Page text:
Lawson Stockholders Approve Infor Merger. What’s Next?
July 11, 2011 Dan Burger
The fat lady has sung. The curtain closed last week on the IT opera featuring ERP software companies Infor and Lawson Software after Lawson stockholders voted to approve the merger with GGC Software Holdings, an affiliate of Golden Gate Capital, the money watchers that direct the moves for Infor.
The merger agreement was approved by approximately 69 percent of the total number of shares outstanding and by more than 98 percent of the shares voted. The merger-related executive compensation package was approved by more than 93 percent of the shares voted.
Previously, the Lawson board of directors unanimously approved the merger agreement, including the executive compensation arrangements, endorsing the merger as “advisable, fair to, and in the best interests of Lawson and its stockholders.” The Lawson board controlled approximately 9 percent of the company’s stock.
Activist investor Carl Icahn, who had a 10.8 percent stake in Lawson, also was in favor of closing the deal with Infor’s equity backers.
The deal, which began in March as an unsolicited takeover bid, was pegged at approximately $1.83 billion, net of cash and debts. The price per share was $11.25, which was approximately two bucks better than the share price one day before the proposed deal was announced. For those who recall Lawson stock at $2.99 per share in November 2008, the sale was a bit of good fortune.
With the addition of Lawson, Infor sits in third place behind only SAP and Oracle in the business application software market. Not bad for a company that’s only been around since 2002. During that brief time, Infor has acquired more than two dozen software companies.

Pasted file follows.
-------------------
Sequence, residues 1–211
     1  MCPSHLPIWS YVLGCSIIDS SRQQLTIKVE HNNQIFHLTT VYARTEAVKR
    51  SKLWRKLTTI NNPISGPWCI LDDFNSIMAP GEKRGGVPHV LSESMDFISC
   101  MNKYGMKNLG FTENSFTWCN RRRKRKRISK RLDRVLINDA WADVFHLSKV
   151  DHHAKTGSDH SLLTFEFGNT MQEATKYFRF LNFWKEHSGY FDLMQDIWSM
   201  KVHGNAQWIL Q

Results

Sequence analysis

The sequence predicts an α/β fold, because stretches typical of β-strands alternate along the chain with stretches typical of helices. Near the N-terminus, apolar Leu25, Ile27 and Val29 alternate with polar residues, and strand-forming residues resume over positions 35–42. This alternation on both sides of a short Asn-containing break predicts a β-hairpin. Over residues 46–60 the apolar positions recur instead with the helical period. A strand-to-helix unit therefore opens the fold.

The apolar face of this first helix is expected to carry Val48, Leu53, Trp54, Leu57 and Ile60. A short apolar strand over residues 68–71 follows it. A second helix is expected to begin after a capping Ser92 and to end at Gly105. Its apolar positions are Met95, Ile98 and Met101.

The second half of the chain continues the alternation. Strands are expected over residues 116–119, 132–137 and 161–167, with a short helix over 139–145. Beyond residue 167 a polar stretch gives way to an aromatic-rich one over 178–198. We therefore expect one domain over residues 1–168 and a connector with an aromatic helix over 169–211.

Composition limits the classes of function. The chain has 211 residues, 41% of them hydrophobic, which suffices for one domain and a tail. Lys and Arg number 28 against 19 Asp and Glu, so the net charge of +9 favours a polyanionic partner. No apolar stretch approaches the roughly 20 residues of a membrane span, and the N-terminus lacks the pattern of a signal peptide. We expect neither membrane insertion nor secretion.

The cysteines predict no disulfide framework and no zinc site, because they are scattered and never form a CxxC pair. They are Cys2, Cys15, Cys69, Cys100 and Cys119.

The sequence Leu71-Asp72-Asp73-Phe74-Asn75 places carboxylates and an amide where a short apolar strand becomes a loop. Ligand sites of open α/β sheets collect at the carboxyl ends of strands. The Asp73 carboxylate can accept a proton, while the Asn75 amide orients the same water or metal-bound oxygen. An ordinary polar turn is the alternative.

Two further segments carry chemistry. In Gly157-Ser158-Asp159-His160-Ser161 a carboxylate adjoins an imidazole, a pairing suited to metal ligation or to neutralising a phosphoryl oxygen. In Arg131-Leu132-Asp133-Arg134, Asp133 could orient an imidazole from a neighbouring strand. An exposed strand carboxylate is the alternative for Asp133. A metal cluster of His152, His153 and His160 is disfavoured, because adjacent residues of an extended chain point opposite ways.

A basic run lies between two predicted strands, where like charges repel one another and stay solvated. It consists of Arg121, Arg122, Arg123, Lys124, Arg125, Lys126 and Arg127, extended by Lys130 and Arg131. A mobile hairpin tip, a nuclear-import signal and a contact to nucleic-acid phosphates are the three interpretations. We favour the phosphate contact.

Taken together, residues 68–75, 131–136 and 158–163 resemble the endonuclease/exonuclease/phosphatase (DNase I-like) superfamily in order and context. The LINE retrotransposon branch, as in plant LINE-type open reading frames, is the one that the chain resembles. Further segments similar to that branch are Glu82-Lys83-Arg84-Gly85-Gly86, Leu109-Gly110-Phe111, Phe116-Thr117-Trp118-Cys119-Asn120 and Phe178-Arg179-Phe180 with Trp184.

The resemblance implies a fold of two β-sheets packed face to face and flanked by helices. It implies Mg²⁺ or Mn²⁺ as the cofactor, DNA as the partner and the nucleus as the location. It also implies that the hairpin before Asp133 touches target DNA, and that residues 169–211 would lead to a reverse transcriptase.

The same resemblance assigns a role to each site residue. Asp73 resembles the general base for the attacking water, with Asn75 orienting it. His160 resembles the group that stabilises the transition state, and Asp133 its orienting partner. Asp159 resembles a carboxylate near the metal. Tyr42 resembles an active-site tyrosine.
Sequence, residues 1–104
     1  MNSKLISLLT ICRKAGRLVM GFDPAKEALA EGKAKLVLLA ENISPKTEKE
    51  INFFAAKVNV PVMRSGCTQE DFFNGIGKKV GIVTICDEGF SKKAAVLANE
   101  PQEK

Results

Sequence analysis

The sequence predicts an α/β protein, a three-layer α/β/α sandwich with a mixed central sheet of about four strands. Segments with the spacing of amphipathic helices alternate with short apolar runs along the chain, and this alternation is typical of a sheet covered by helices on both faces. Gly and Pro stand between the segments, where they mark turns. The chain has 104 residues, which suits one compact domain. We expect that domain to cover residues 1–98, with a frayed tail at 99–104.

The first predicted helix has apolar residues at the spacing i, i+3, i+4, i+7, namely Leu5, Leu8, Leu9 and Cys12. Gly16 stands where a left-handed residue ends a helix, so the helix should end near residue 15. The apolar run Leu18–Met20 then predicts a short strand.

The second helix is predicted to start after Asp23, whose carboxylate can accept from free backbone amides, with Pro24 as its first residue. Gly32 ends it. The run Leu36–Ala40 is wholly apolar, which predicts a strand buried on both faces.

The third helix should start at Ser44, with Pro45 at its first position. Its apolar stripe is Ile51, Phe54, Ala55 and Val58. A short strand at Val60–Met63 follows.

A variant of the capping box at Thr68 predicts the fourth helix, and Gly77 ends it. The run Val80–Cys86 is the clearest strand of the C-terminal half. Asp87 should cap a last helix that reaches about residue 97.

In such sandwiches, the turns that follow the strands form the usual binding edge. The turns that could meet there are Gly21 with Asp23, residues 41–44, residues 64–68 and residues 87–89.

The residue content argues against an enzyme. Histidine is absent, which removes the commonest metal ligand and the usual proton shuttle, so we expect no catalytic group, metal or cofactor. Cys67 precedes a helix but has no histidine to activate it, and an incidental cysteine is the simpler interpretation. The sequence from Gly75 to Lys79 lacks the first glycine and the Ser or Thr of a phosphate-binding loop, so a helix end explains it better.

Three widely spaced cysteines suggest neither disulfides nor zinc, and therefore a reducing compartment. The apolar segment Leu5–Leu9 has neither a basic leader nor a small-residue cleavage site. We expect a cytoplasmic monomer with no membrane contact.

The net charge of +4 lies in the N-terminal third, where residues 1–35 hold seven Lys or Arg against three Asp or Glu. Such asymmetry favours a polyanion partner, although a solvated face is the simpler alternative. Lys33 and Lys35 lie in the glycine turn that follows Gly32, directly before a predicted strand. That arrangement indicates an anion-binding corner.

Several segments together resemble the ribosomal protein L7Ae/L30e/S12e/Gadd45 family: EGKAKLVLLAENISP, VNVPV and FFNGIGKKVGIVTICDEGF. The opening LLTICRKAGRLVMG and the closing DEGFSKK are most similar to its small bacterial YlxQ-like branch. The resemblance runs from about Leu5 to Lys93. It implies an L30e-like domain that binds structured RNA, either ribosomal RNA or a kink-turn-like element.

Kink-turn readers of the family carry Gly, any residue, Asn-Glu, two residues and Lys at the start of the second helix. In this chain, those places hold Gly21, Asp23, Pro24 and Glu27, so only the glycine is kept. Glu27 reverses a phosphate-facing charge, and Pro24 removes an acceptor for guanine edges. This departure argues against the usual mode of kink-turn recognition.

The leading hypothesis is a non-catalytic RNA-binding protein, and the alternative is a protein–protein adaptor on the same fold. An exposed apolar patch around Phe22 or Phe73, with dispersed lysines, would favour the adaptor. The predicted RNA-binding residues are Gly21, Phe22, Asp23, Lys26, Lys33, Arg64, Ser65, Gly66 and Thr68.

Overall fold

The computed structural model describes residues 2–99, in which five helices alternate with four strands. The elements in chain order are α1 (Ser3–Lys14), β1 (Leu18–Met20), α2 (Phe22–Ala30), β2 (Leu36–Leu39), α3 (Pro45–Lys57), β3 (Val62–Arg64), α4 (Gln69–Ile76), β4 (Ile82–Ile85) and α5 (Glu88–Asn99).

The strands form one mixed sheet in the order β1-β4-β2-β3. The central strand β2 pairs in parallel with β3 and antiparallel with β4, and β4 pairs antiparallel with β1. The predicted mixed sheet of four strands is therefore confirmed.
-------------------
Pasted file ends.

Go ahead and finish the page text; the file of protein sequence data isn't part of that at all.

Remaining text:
Infor generates approximately $2.2 billion in revenues each year, but because it is a private company its profits are undisclosed. It has more than 70,000 customers worldwide, with an estimated 15,000 running applications on the OS/400 and i platforms.
Lawson has around 4,500 customers generating $745.1 million in revenues and $25.9 million in net income in its trailing four quarters. Its origins are in the OS/400 environment, but the percentage of customers running Lawson software on IBM midrange computers is unavailable; more than 50 percent is a fair assumption though.
Infor already had one of the largest IBM i customer bases in the business. Now it’s bumped up that figure by a couple of thousand.
There’s always an uneasiness within the IBM i customer base when a change of ERP software company ownership occurs. The JD Edwards to PeopleSoft to Oracle pathway has been described as treacherous by more than a handful of companies. Talk of “forced marches” into new technology territory and being “held hostage” by increased maintenance bills has had an echo effect ever since Oracle put its foot on this stage.
As a side note, Oracle was rumored to be interested in acquiring Lawson in the weeks before Infor made its offer. That might have caused at least some Lawson customers to acquire large collections of four-leaf clovers, horseshoes, or other lucky charms and hope for a different outcome.
To its credit, Infor has treated its IBM i installed base fairly so far. Even as it continues to roll out its Flex program, which relies on open service-oriented architecture–as the company calls its future product planning strategy–the introduction of products has not been particularly disruptive–certainly not anything that could be described as a rip and replace mandate. Unwarranted maintenance fee increases have not surfaced.
Customers running old releases of IBM i-based MAPICS, BPCS, PRMS, PRISM, Infinium, System 21, A+, KBM, Xpert, Daly.Commerce, BRAIN, CRM AutoRelease, and Anael products (each an ERP software manufacturer with a substantial AS/400 customer base that was purchased by Infor over the years) have Infor-recommended migration paths. But for now, at least, the customer controls the pace. At some point this will change. How soon it does will depend on the inertia of the customers and the patience of Infor.
Because, as you know, it’s never really over until the fat lady sings.